5 Important Steps for Engaging Your On-Demand Workforce

The US workforce is changing, and one of the most rapidly growing aspects of our economy is the on-demand workforce. By 2020, it’s estimated that one in five employees will be hired on a contingent basis. This means there is a need – now more than ever – for companies to engage and motivate on-demand workers.

This new workforce will continue to change the face of work. Any company that fails to keep up with the needs of these employees, risks losing out on a highly skilled talent pool. Fortunately, there are strategies and processes that you can easily implement to drive your relationship with on-demand workers.

Contingent workers are some of the most engaged and qualified individuals out there. And while the same basic principles of leadership apply to these employees, as they would in a traditional office setting, contingent workers often have different goals. Many on-demand employees are looking to develop career skills or have personal reasons for seeking contingent employment.

According to some top HR experts, intentionally developing strategies to fit these needs will build trust among this group and increase engagement. Let’s look at some specific steps for engaging your on-demand workforce.

Strategy

The time to figure out how to engage contracted specialists or project-based workers is not after you’ve hired them. Make your engagement strategy clear to your internal team ahead of time, so that everyone is on the same page. Talk in general terms about how work will be divvied up and set expectations early on.

If a knowledge worker may become a recurring partner based on performance expectations, set these metrics ahead of time. This way any reservations can be aired and fully discussed before the onboarding process begins.

Communication

One of the main reasons that qualified individuals choose to work on a contingent basis is that they like the freedom. Many independent experts are looking for a remote work arrangement with project-based scheduling. It’s most helpful to plan the hours of work and meetings in advance, which means establishing a firm and transparent communications policy from the beginning. Technology platforms, like Catalant, enable real-time communication with experts – whether that’s communication around a deliverable or payment.

While it’s always important to communicate well with your workforce, it’s especially crucial when it comes to contingent workers. Those who work remotely depend on your communicating expectations and directions for each project as clearly as possible. Best practice is to write out a  scope for the project with as much information as possible. Some information to include is: a background on the company, what resources are available, the timeline for the deliverable, what format the deliverable will take, if it needs to be presented to an internal stakeholder etc. Clearly defined expectations and communication around those expectations will ensure both sides have a positive experience.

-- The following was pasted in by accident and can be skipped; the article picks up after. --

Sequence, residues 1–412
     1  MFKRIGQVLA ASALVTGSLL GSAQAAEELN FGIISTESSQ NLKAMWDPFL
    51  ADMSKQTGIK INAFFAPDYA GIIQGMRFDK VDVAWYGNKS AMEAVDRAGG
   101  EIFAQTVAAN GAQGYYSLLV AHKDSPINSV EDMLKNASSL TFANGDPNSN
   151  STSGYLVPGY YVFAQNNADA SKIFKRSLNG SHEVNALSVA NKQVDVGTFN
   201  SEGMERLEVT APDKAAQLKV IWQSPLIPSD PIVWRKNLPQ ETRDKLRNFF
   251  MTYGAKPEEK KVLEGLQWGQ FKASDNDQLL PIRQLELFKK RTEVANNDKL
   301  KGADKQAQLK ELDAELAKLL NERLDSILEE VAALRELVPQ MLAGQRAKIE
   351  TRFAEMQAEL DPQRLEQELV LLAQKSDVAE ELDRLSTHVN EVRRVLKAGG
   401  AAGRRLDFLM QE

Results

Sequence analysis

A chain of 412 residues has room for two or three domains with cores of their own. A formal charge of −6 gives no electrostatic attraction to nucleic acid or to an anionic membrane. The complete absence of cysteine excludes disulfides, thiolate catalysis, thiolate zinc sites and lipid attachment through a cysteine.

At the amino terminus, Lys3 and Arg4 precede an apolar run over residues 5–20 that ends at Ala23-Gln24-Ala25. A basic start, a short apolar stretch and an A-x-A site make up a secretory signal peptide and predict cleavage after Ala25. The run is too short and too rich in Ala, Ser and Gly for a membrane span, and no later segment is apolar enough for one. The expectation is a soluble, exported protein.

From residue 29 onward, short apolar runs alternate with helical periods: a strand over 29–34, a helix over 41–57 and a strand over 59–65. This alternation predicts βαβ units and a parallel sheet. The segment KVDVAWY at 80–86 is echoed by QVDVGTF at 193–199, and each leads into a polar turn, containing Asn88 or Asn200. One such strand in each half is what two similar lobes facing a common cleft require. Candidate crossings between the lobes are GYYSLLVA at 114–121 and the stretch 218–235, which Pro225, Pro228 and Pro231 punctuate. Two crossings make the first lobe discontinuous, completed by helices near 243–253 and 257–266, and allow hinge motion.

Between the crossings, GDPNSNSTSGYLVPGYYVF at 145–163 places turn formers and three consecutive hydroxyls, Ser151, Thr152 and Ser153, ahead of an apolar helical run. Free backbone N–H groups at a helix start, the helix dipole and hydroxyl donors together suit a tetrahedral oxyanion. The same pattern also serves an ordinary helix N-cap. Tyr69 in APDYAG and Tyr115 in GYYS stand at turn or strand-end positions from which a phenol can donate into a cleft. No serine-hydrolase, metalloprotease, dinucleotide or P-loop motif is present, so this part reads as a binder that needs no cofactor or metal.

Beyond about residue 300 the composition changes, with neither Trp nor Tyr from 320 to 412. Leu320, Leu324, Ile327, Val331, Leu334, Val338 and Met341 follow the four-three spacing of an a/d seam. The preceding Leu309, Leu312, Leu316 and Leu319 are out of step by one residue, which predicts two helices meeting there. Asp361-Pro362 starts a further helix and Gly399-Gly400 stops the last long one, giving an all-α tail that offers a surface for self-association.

In addition, technology tools for video conferencing and real-time collaboration (e.g., Skype, Zoom, Slack, and appear.in) can help managers to communicate more effectively. As a general rule, keeping lines of communication open will keep everyone more engaged.

Onboarding

A complete orientation program may not be necessary, but having some system for onboarding that introduces contingent workers to your company’s culture, relevant team members and company culture with the goal of breaking down any barriers in communication or stigmas associated with blending on-demand workers with full-time employees. Overall, independent workers will be more engaged if they feel a part of the team.

Schedule Deliverables

Because the best contingent workers tend to be highly self-motivated, often all it takes to engage these individuals is projects with clear deliverables ready to be handed off.

When contingent workers receive a list of deliverables with due dates, they can easily schedule their weeks to meet those milestones. You may even be surprised at how much they can accomplish once you establish a rhythm.

Professional Development

Employers who provide opportunities for knowledge to be shared internally and encourage all workers to continually update their skills see higher rates of engagement, motivation and retention. Project-based employees, like all employees, appreciate recognition. Share good news with your whole team, including your contingent workforce.

As a general rule, if you treat contingent workers as crucial contributors to your organizational success, they will be more engaged and you’ll build a relationship that can extend to other projects. While this may seem like a challenge, especially with those on-demand workers who work remotely, there is a lot you can do to counteract the “out of sight, out of mind” mentality with a contingent external workforce.

Technology platforms, like Catalant allow employers and on-demand workers to communicate, share deliverables, set timelines and facilitate payment through one centralized system.

Setting up an intentional strategy when it comes to your on-demand workforce is crucial to building trust among your whole team and keeping everyone engaged. Watch our webinar Enabling the Future of Work to learn more.

Featured in: Workforce Flexibility

About the Author

Emily Crookston
Emily Crookston

Emily Crookston is the owner of the Pocket PhD (thepocketphd.com) and a contributing writer to the Catalant Technologies blog. She is a copywriter, former professor, and pocket resource for your business. When she’s not writing intensely, she’s most likely practicing yoga intensely.